Chair, Program Committee

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From the President

Judy Tsou, President of SAM
Judy Tsou, SAM President

Dear Colleagues and Friends,

The Society ends the year with much good news and an exciting program for the upcoming conference (March 4–8) in Sacramento. SAM/2.0 is doing well; as of December 16, the total pledges and donations stand at $805,708. Among the major donations this quarter is a second grant from the Virgil Thomson Foundation ($20,000); together with the $20,000 donation from the Aaron Copland Fund earlier in the year, we created the Vivian Perlis Fund to support the performance of contemporary American music during conferences. SAM received its first $50,000 from the NEH Matching Grant this fall, and the Board of Directors approved the use of the money to create a Diversity Fund to help increase diversity in the Society. We are closer to our campaign goal with these donations, but we will still need $117,887 to obtain the full $175,000 NEH matching grant and to reach our $1 million goal. As I said in my email message last month, only 27% of the membership participated in the campaign thus far. The initiatives to obtain fiscal stability and research support of the Society came from the members of the Society; if only 50% of the members each donate $250, we will meet our goal. Please read bruce mcclung’s Development Committee Report elsewhere in this Bulletin for details on how to donate to your favorite fund. We need your help to finish the campaign!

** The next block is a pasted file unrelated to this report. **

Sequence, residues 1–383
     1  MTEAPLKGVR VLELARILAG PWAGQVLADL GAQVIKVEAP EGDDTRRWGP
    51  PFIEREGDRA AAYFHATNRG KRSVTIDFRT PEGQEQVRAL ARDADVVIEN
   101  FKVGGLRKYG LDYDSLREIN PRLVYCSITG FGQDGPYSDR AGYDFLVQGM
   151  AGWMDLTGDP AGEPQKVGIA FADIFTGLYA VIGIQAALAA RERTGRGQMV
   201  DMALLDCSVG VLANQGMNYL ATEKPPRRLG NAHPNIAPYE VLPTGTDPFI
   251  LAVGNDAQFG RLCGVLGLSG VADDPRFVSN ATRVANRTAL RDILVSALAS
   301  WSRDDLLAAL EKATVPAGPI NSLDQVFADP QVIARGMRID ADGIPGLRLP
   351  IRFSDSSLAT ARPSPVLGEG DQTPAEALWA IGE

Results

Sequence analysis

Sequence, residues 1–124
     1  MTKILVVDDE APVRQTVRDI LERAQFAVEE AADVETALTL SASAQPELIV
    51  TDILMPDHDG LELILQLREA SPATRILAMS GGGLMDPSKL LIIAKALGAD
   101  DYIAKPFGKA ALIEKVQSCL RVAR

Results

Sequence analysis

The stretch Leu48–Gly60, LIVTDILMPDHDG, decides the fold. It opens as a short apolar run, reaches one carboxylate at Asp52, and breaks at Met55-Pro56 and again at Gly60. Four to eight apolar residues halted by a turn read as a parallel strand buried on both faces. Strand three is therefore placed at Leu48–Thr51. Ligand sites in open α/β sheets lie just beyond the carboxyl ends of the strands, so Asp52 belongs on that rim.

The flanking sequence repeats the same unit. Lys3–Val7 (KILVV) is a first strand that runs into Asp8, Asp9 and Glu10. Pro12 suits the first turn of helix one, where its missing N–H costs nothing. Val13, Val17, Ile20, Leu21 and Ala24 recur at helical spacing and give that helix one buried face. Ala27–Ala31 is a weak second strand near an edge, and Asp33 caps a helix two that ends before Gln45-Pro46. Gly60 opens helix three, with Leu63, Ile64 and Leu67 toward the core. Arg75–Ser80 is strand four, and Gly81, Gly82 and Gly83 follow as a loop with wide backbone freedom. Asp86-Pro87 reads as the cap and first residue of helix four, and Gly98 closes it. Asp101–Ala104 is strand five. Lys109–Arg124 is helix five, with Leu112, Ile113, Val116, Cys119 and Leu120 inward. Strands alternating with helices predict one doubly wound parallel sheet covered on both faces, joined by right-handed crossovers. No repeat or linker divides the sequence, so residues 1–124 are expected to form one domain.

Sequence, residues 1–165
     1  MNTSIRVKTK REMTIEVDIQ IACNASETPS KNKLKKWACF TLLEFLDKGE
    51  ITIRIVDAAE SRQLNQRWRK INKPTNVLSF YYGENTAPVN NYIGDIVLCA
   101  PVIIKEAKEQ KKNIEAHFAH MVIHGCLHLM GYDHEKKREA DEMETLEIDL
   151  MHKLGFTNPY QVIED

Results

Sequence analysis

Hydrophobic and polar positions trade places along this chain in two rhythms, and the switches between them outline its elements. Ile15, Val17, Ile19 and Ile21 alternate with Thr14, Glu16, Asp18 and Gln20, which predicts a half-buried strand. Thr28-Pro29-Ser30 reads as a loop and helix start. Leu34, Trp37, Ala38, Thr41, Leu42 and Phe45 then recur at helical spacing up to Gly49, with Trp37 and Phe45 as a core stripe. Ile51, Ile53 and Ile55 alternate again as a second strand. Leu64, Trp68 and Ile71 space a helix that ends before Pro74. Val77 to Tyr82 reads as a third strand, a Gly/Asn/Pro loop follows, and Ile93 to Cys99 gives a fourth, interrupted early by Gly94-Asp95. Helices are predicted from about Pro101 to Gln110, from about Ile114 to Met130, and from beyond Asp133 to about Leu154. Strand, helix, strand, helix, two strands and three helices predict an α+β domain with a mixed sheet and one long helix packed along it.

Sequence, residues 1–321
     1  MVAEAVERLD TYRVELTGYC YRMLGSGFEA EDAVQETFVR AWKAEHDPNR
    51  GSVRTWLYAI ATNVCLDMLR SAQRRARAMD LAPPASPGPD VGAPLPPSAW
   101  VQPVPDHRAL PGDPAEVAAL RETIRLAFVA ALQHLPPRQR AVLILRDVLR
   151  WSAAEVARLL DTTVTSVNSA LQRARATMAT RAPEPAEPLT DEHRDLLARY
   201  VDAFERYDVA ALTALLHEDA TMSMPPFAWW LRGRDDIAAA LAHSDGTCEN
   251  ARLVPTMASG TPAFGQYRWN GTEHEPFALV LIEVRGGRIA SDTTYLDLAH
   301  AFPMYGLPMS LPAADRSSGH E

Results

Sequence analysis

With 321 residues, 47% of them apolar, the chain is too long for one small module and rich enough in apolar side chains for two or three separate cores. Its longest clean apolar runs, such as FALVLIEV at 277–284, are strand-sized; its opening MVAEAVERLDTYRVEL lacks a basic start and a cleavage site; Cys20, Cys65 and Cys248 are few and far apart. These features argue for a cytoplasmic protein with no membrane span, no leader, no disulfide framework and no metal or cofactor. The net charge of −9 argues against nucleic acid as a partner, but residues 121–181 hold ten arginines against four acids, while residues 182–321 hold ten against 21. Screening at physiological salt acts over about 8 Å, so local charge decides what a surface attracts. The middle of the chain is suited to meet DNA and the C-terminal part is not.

Thanks to the Program Committee (Leta Miller, chair, Lydia Hamessley, chair for the Boston meeting, Tara Browner, Carol Hess, Charles Sharp, and Jessica Sternfeld), the Sacramento conference is shaping up to be a stimulating meeting. The sessions cover a wide variety of topics: race (e.g. “Racial Tension” and “Race and Transformation”), war (“Music Identity and War” and “Responses to War”), music in media and marketing (“Listening to TV,” “Game Music,” and “The Sights and Sound of Marketing”), politics (“The Cold War”), technology (“Native Music and Technology” or simply “Technologies”), jazz (“Political Economy of Jazz,” and “Duke Ellington”), gender (“Jazz and Gender,” and “Queer Frameworks”), geographic specific music (“Nashville,” “San Francisco,” and “Russian ballets through American eyes”), identities (“Black/White,” “Southern Identities”), different genres (“Minimalist Opera,” “Rock and Folk”), and traditional topics (“American music manuscripts,” “Finding the Notes”). There are two seminars, one on disability in musical theater and the other on childhood and American music. There are noontime concerts on Thursday and Saturday. And on Friday morning (10:15–11:15), we will bestow the Honorary Membership on Olly Wilson, composer, educator, and scholar. There will be a short concert of his Piano Trio (played by the Delphi String Trio) during the session.